We use cookies to analyze traffic and enhance your site experience.

Privacy Policy |
Your browser is out-of-date!

Update your browser to view this website correctly. Update my browser now


Emily Warner Headshot

The Dedalus Foundation Dissertation Fellowship for 2016 – 2017 has been awarded to Emily S. Warner of the University of Pennsylvania for her dissertation Painting the Abstract Environment: Abstract Murals in New York, 1935 – 60. The award carries a stipend of $20,000.

Ms. Warner’s dissertation argues that the abstract mural is a prime site from which to investigate changes in art, audience, and public space at midcentury. Abstract painters turned to the mural in the 1930s-1950s because it promised a scale and presence that easel paintings lacked: murals would be public, rooted to their sites, and addressed to a collective. Yet these ideals proved elusive.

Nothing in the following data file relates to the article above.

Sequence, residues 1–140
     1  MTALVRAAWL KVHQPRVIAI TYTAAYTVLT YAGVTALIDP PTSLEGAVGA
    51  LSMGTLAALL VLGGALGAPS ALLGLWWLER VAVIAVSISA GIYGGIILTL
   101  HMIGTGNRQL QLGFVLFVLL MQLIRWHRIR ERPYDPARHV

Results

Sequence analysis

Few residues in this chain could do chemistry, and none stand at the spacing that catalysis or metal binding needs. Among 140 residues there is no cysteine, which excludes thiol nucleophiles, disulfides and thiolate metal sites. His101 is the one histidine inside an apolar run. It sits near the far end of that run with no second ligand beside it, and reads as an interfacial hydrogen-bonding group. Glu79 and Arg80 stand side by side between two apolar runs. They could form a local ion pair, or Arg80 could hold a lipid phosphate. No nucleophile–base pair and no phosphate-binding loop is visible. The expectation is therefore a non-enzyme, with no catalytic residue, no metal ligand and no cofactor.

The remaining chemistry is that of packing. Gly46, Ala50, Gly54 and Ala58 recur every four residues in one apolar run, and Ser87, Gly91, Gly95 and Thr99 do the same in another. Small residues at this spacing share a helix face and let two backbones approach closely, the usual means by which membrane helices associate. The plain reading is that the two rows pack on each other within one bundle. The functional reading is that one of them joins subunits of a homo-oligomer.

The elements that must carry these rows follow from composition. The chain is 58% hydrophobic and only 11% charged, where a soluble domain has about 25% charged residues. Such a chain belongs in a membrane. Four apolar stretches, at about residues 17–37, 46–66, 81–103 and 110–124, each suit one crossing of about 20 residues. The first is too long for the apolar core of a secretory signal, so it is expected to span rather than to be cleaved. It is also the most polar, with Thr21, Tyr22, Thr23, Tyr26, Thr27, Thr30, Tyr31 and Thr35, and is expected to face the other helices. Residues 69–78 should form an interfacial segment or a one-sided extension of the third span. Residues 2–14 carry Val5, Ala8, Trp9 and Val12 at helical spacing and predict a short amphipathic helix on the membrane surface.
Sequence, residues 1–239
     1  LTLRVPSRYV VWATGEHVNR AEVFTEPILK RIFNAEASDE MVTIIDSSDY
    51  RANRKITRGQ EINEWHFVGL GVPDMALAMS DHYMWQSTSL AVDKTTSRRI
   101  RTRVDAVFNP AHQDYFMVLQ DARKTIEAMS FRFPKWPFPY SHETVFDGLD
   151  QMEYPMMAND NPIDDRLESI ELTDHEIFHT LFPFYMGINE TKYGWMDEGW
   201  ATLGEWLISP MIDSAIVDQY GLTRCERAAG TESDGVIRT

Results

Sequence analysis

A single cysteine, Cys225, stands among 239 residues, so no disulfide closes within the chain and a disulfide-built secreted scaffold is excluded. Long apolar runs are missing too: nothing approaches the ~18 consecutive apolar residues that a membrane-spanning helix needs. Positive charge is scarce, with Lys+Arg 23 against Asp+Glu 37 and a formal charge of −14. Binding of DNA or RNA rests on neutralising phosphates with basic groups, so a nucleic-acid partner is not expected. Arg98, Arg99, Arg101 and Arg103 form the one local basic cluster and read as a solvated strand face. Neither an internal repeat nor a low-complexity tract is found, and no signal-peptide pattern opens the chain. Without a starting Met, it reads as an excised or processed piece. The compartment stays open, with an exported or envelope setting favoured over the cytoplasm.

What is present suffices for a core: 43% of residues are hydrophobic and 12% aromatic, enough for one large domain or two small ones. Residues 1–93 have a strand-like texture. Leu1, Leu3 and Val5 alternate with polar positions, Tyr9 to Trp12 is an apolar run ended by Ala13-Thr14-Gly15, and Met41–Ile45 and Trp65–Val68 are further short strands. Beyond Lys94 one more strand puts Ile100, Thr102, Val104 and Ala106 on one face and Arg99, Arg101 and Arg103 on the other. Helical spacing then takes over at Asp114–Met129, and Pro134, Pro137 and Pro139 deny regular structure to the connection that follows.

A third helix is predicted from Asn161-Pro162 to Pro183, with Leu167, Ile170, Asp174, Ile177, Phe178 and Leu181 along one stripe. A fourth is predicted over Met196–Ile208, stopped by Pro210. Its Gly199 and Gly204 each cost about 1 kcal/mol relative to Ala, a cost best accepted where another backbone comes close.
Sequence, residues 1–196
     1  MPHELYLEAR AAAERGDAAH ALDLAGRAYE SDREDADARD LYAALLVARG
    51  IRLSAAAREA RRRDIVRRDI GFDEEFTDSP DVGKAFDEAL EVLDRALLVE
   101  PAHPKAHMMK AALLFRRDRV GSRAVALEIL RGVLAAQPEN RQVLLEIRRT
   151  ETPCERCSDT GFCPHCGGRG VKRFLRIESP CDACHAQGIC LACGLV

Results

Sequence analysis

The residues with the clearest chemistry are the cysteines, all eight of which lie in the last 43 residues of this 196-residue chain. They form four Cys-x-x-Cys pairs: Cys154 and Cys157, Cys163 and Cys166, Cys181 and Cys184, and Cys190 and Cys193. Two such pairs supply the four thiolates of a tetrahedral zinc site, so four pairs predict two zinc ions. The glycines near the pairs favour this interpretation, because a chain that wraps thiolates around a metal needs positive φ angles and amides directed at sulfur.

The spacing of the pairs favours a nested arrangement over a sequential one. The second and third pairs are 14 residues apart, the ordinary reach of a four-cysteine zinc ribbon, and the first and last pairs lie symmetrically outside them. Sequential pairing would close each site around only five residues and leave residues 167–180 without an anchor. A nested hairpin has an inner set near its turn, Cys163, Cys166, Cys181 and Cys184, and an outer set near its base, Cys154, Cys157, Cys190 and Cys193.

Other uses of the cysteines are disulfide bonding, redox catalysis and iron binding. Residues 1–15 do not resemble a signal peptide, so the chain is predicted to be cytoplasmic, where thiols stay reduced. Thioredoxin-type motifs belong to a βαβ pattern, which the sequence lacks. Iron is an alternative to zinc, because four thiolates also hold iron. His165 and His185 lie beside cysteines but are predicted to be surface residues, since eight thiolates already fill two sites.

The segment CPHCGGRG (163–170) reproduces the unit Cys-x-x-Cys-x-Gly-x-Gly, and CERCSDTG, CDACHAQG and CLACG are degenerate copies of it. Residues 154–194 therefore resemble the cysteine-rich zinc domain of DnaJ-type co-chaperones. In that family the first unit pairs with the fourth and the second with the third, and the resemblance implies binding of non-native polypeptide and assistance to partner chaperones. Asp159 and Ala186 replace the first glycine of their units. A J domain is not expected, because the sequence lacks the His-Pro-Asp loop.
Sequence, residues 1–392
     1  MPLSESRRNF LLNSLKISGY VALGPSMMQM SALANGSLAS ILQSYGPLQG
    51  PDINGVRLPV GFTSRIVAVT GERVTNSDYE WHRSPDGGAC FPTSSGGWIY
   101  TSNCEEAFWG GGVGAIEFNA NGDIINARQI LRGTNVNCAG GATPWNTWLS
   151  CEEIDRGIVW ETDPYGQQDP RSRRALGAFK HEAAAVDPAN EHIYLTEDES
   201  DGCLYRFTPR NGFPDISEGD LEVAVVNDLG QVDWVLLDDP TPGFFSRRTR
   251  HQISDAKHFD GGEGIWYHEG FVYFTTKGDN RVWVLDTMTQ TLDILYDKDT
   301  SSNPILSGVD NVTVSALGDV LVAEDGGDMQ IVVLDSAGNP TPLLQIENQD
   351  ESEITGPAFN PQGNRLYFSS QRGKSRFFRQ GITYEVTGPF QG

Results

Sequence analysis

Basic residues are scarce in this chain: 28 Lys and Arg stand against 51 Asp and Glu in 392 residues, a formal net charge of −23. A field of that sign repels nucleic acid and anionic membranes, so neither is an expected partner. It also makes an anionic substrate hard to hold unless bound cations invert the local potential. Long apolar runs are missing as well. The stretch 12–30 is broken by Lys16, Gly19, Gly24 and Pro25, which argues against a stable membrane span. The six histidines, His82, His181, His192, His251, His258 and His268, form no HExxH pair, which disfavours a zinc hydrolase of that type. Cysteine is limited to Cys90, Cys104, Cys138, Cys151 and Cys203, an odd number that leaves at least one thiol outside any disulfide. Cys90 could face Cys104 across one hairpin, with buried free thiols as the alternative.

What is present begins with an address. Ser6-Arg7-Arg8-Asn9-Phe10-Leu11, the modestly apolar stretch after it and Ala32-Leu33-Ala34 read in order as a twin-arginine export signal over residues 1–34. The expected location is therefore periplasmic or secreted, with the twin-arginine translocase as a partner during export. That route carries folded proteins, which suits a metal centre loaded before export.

Murals by Ilya Bolotowsky, Stuart Davis, Jackson Pollock, Robert Motherwell, and others were portable and exhibitable, and their publics were fragmented and dispersed. Rather than signifying an inherent publicness, the mural in these years signified a problem of publicness, a desire for a stable location and audience that did not in fact maintain.

The dissertation thus contributes to mural studies a new, historically attuned theorization of the mural in a period of relative disunity for the form, after the civic ideals of Beaux-Arts muralism but well before the participatory politics of the community mural movement. More broadly, it argues that our prevailing periodization of American twentieth-century art—with the Depression characterized as public and populist, and the postwar decades as private and commercialized—is inadequate to the complex ways in which both “public” and “private” were reformulated and mobilized across the prewar, wartime, and postwar decades.